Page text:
By the way: ‘Udta Punjab’ is scared of deeper reality
Near the climax of ‘Udta Punjab’, Tommy Singh is looking for a girl. He bumps into a couple of fellow junkies at the corner of a village. The junkies think he’s looking for ‘stuff’. “Supply down hai… Mere ton le le veere (Take some from me, bro)!” goes one of them, extending his arm to offer an injection of pure high. That’s true Punjabi culture. We are willing to care and share, even in times of shortage. I wonder why there was such fuss about the movie vilifying us.punjab Updated: Jun 22, 2016 17:38 IST
Near the climax of ‘Udta Punjab’, Tommy Singh is looking for a girl. He bumps into a couple of fellow junkies at the corner of a village. The junkies think he’s looking for ‘stuff’. “Supply down hai… Mere ton le le veere (Take some from me, bro)!” goes one of them, extending his arm to offer an injection of pure high. That’s true Punjabi culture. We are willing to care and share, even in times of shortage. I wonder why there was such fuss about the movie vilifying us.
But Tommy is not looking for stuff. He wants to rescue his heroine. He wants to rescue himself. Yes, it is a movie after all.
So, Tommy is a fallen-from-grace pop star ruined by cocaine and other drugs, the stuff that he sings about. His personal trauma is traced to the fact that his father died when he was young.
On the other end, we have a cop who is also looking to rescue himself, from the guilt of complicity in the drug trade that is, you know, run by politicians. He has a younger brother, who turns out to be an addict, more of a prop to motivate the goodness in the cop, less of a character that would take you to the depths of an addict’s helplessness. And, by the way, their father too died when they were young.
There is the ‘lady’ doctor willing to do the difficult task of rehabilitating addicts. What’s her motivation? We never know, except that she has “seen it herself”. By the end, she finds the cop rather charming after their investigative-journalism sojourn. Women do that, you know; they fall for the lead character.
The standout character is the outsider-insider, a nameless Biharan who curses herself for having come to Punjab and being stuck with the drug mafia as a sex slave. But what’s her back story? Yes, you guessed it. Her father died when she was young.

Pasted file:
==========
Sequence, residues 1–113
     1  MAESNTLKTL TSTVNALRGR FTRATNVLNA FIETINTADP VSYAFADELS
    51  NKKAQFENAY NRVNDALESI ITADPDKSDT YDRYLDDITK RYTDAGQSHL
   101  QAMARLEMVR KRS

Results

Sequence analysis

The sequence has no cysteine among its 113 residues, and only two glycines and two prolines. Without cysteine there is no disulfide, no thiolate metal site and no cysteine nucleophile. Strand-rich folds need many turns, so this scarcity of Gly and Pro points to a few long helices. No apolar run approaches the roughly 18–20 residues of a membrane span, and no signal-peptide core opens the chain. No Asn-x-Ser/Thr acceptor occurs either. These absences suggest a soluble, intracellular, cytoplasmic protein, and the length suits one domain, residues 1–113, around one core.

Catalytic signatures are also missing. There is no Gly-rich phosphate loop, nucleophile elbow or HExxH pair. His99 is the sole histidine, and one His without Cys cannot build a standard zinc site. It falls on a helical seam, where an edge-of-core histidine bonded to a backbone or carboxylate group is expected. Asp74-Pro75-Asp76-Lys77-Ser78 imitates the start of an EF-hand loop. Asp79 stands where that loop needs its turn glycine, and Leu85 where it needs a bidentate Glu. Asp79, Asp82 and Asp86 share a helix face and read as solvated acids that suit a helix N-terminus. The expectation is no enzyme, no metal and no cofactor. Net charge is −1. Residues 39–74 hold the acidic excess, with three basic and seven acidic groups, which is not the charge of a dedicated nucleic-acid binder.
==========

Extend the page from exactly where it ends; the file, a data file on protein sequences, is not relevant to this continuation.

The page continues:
Green revolution, songs inspiring intoxication, the pharmaceutical industry on the Punjab-Himachal border, the school rallies with placards against drugs, the ruins of Mughal-era buildings turning into havens of addicts, it’s all there. And it’s all real.
But reality is deeper, simpler, yet too scary to be shown beyond the very real language, populated by MC, BC and all other things that mostly refer to mothers and sisters being raped. The rest is pretty much newspaper articles strung together into three plots that criss-cross in the filmiest of coincidences. For a movie that is about the lows of the high, it leaves one underwhelmed. In a junkies’ world, it is smack, a milder version of the real thing. Pure heroin, the real thing, can kill you in one gram, they say.
Let me digress. Arjun was the son of a hotel owner. It was no-star hotel but big enough to be the biggest in our small town. He did not have much to do. Bored, and loaded, he tried a bit of smack in the large ground behind the local college. That was my lasting memory of him when I left that town. Years later, I found him crouched again, holding a lighter in one hand, a piece of aluminium foil in the other; and a 10-rupee note rolled into a straw, hanging by the edge of his right nostril. The white powder, which has since got the name ‘chitta’, arranged into a straight line on the piece of foil, turned into fumes as he heated it up from below. He inhaled the fumes. We watched. He sat back against the wall; asked us to leave him alone with his trance. We left.
He left a week later, forever. The trance had numbed him so much that he forgot how to breathe, and died of self-afflicted asphyxiation in his sleep. He fought himself to death, in his head.
There is no Arjun in the movie. There is no Arjun’s mother who, after trying to lock him in a room to cure him, started giving him his daily dose as she could not see her son suffering.
It does a great job of taking note of every aspect of the problem, with some great acting and brilliant use of Shiv Kumar Batalvi’s poem about ‘that girl whose name was love’. But, in a movie about addiction in Punjab, the young Punjabi addict is largely missing, or caricatured, at best merely outlined.
What were the governments, their cronies, and all those false-pride-peddling Punjabis scared of? ‘Udta Punjab’ is too scared of showing the real horror anyway. Look around you.